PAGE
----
Infectious disease outbreaks can strike any community at any time. During an outbreak, counties are on the front lines providing services, funding, leadership and guidance. From outbreak investigations to public health preparedness and training, counties invest heavily in efforts to protect the health and safety of their residents. Counties spend more than $80 billion annually on the management of public health departments, community health centers, county-run hospitals, teaching clinics and long-term care facilities and set public health policies, support prevention and education programs, ensure access to care and respond to public health emergencies.

In March 2020, novel coronavirus (COVID-19) rapidly impacted individual households, communities, schools, businesses and health systems in the U.S. As counties across the nation work to respond to this new communicable disease, we have highlighted efforts focused on health, including personal protective equipment, screening and testing and access to food.

Personal Protective Equipment

Personal protective equipment (PPE) (e.g., gloves, masks, gowns, face shields and respirators) is essential for patients and providers during infectious disease outbreaks. Due to the widespread, increasing case counts of COVID-19, officials announced that national stockpiles of PPE are depleted and typical supply chains have broken. Counties and other local governments commonly source PPE and serve as a coordinating body for issuance in most communities. These shortages are leading county health officials to urge the public to make donations for emergency services and healthcare workers.

In late March, the president signed an executive order to prevent the hoarding of medical supplies needed for coronavirus response. This directive also established the creation of a federal task force to address excessive accumulation and price gouging of PPE associated with home use and above market resale. Adjacent to county-level pleas for PPE, federal officials are asking for the voluntary release of any hoarded medical items.

Many counties across the country are relying on PPE donations in response to shortages in their communities. Scare supplies are forcing frontline workers to sterilize and re-use masks and other medical equipment intended for one time use (Wichita County, Tex., Butler County, Iowa).

Counties have established donation and distribution sites and are encouraging residents, particularly non-essential businesses, such as salons and schools, to donate their existing, unused supplies (Cape May County, N.J., Hamilton County, Ohio, Wood County, Wis.).

Screening and Testing for COVID-19

Health screenings and testing are critical tools in managing the care of patients and understanding the prevalence of disease in a community. During an outbreak, public health officials and clinicians rely heavily on clinical assessments and accurate lab tests to develop case definitions, trace contacts, treat symptoms and deploy resources. Furthermore, many counties manage laboratories that work in conjunction with other county public health services to detect the spread of communicable diseases. As COVID-19 cases emerged in the U.S., lack of testing resulted in slow reporting; however, counties are developing screening protocols and ramping up diagnostic efforts as more tests become available.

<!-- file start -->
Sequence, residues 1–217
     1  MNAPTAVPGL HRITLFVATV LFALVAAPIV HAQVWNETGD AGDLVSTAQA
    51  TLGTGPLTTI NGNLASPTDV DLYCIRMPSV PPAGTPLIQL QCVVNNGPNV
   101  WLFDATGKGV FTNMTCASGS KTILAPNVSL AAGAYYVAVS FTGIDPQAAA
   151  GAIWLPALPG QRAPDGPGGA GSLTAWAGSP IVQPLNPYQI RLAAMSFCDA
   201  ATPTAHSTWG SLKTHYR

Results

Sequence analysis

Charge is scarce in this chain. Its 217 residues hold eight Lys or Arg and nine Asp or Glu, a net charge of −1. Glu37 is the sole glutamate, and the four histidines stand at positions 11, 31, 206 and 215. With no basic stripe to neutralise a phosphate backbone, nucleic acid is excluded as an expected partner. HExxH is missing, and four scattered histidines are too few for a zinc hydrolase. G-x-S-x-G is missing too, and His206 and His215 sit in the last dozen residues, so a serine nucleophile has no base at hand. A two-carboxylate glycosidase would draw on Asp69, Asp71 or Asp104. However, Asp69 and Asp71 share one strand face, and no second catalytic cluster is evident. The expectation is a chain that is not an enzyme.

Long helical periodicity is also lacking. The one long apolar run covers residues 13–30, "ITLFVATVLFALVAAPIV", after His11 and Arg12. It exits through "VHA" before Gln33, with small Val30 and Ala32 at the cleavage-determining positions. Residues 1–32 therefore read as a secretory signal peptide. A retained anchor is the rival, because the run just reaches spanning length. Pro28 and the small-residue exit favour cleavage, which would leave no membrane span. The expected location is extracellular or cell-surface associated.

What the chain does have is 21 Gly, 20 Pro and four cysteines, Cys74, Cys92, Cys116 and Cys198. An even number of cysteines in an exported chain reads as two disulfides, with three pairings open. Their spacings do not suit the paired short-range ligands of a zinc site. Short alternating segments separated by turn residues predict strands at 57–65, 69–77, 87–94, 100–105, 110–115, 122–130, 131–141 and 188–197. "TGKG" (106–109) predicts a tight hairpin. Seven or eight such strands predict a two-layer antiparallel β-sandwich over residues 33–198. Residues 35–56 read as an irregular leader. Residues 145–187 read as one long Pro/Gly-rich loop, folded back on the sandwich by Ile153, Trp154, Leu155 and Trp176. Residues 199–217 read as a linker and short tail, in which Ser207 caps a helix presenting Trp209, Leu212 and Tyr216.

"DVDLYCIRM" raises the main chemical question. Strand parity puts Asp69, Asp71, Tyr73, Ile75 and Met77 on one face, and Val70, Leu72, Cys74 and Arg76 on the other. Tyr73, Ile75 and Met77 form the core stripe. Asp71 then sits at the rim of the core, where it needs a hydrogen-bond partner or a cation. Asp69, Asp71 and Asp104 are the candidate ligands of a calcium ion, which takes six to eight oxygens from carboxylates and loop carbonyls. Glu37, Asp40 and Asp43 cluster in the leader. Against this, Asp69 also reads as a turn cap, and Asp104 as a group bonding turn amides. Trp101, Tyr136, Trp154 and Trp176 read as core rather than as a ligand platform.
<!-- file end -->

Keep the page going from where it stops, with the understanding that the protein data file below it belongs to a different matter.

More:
San Miguel County, Colo.

San Miguel County is working with United Biomedical to test all 8,000 residents for COVID-19 antibodies. This strategy determines whether a person has been exposed to the virus which can be used to help local officials decide how long quarantines and other restrictions should continue. San Miguel County is acting as a pilot for this project, which United Biomedical hopes to scale to large, metropolitan areas.

Many counties are offering telemedicine services for initial screenings and drive-thru COVID-19 testing by appointment or referral (Palm Beach County, Fla., Morris County, N.J., Toledo-Lucas County, Ohio, Chester County, Pa., Howard County, Md.).

Food Access for Students

Schools play a critical role in addressing food insecurity among students. In many communities, counties serve a sizable number of children and youth who qualify for free and reduced lunch - an indicator of families living below the poverty line. With the many school closures and county-wide shutdowns amid the coronavirus outbreak, counties are meeting the needs of food insecure students and families who typically rely on schools for meals.

Henderson County, N.C

The Henderson County Education Foundation, Henderson County Public Schools and Meals On the Bus have partnered to provide children ages 2-18 with free pickup/delivery meals. Food delivery is available to families who lack transportation.

Prince William County, Va.

With support from the Virginia Department of Education, Prince William County is serving meals to parents/guardians of students who qualify for free school lunches without the presence of their children/students to promote social distancing. This change in standard protocol removes access barriers and serves families experiencing hunger.

The health impacts of coronavirus on communities is still uncertain. As counties remain on the frontlines responding to this public health crisis, NACo is committed to supporting our members by sharing information, best practices and innovative solutions.

Tagged In: